I think if we taught English in a way that included editing and rewrite, it all would have made more sense. But then, how do you do that for six classes of 30 kids? That's a lot of line edits.

L.A. Mitchell said...

I used to do the Nancy Atwell-style writing workshop, taking bits from my student's pieces and offering them up as lessons for the day. It wasn't a total hit-and-miss approach, by the end of the year, we'd "covered" everything, but in context and attached to something of value, I rarely had to re-teach. It takes a lot of hard work and a solid foundation of trust, both teacher to student and amongst peers.

I ran into a student a few years ago who'd just started college and he told me it was one of his most memorable classes. That made it all worth it.

etain_lavena said...

Gosh I am not a good person to give great insight into this, but I know I write, i don't use rules of grammar, mostly I cant even spell.....Then again I feel anything left in a cage will loose it's uniqueness, will loose its passion. My poetry teacher use to crit me and embarrass me so badly in front of the entire class, we use to have huge fights. I later saw he saw something in me and wanted me to see it too. So teachers must teach and convey the rules, students must listen and learn without becoming robots that want to fit into a genre. :)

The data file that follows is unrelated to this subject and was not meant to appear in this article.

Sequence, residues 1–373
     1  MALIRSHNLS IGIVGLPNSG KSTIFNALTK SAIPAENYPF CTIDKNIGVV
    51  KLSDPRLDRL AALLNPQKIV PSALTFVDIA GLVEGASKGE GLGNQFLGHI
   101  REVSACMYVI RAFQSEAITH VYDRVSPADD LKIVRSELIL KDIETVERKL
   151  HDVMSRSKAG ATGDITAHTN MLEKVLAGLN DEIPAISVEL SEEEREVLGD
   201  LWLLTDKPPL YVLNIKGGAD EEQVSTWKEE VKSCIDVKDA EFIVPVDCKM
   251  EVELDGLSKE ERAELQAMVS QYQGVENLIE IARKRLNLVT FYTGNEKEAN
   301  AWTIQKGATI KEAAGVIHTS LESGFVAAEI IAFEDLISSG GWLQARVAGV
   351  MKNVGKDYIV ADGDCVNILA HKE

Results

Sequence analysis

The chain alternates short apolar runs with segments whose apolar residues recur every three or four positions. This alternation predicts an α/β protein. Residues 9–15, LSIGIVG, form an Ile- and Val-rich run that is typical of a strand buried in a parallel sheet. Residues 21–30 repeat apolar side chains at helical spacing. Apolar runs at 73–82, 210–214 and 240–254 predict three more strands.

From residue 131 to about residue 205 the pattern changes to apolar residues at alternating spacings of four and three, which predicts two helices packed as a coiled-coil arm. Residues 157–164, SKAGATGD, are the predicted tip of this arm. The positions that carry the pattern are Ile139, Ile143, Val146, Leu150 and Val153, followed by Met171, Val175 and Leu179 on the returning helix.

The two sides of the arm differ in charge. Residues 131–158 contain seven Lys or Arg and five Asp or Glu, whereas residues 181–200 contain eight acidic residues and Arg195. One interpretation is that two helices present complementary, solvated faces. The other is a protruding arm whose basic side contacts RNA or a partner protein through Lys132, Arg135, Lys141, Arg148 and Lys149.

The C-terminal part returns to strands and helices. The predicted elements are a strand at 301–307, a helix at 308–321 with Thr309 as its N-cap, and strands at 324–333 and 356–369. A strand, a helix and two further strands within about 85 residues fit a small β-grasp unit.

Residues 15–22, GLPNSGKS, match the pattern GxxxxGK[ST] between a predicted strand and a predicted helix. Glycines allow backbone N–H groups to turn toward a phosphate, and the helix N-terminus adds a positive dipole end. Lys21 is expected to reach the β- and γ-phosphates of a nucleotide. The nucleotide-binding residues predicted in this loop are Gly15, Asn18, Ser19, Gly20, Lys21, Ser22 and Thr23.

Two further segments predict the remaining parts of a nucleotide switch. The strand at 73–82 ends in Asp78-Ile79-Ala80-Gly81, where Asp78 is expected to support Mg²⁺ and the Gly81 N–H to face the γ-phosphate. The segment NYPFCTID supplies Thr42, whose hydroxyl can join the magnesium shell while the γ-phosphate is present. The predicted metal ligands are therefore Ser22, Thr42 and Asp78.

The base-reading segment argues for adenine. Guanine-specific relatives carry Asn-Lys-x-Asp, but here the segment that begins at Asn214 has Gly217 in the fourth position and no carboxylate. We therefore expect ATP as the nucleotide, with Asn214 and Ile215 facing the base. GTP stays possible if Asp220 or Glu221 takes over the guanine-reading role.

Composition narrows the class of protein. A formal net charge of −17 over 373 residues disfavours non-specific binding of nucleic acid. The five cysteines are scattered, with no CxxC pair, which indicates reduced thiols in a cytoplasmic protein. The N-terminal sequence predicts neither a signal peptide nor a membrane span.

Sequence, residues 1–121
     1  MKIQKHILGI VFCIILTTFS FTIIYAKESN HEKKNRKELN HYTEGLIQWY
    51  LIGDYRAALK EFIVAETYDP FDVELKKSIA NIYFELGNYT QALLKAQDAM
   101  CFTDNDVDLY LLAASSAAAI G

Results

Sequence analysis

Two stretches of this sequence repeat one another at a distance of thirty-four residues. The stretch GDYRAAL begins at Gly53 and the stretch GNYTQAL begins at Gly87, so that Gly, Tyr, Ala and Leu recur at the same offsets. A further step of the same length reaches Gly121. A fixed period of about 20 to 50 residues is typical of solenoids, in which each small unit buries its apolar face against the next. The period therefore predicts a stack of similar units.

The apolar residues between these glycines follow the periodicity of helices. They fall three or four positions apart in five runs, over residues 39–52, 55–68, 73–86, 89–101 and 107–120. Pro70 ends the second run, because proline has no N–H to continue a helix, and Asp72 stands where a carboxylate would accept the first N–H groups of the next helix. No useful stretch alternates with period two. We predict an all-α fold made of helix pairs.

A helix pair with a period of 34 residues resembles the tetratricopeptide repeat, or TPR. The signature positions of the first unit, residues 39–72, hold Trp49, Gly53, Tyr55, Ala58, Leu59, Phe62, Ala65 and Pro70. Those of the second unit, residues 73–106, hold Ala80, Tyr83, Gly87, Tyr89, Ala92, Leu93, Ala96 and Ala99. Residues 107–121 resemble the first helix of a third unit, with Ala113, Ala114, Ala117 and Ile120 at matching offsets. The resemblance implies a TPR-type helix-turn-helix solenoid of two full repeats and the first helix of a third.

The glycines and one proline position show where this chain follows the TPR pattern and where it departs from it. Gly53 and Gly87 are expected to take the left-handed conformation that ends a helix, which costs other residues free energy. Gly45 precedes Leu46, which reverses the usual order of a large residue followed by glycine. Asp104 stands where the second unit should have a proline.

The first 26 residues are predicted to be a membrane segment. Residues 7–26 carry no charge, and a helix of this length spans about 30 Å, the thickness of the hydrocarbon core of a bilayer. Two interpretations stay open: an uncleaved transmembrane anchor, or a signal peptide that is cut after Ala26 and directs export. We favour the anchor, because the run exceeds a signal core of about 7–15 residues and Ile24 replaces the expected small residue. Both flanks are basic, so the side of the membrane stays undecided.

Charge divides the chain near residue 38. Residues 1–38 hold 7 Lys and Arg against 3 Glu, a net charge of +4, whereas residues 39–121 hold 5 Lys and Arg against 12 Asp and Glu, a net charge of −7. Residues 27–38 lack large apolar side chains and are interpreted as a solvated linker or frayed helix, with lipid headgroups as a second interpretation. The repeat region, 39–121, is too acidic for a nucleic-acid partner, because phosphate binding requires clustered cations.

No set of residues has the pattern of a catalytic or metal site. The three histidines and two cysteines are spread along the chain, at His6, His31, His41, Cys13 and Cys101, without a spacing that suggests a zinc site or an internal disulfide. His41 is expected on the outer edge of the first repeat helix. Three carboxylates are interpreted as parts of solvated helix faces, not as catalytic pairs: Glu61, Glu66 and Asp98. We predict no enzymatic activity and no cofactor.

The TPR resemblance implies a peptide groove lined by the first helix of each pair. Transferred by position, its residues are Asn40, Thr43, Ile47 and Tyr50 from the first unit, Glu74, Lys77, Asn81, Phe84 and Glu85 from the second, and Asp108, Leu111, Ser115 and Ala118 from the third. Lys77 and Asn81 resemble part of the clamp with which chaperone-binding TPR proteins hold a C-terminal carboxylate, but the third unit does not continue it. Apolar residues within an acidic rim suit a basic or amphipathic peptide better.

Akasha Savage said...

Although I'm not a teacher as such, I do work in a school library and I do take groups of children out each day and do work with them on books and authors. A handful of these children (ten year olds) have found out I am attempting to write a novel. They have 'bullied' me into setting up a school writing club: we now meet once a week and write stories. I am gently taking the children through the whole process of how to write: developing characters, thinking about plot/sub-plots, dialogue, editing etc. We are all having a whale of a time.

Avery DeBow said...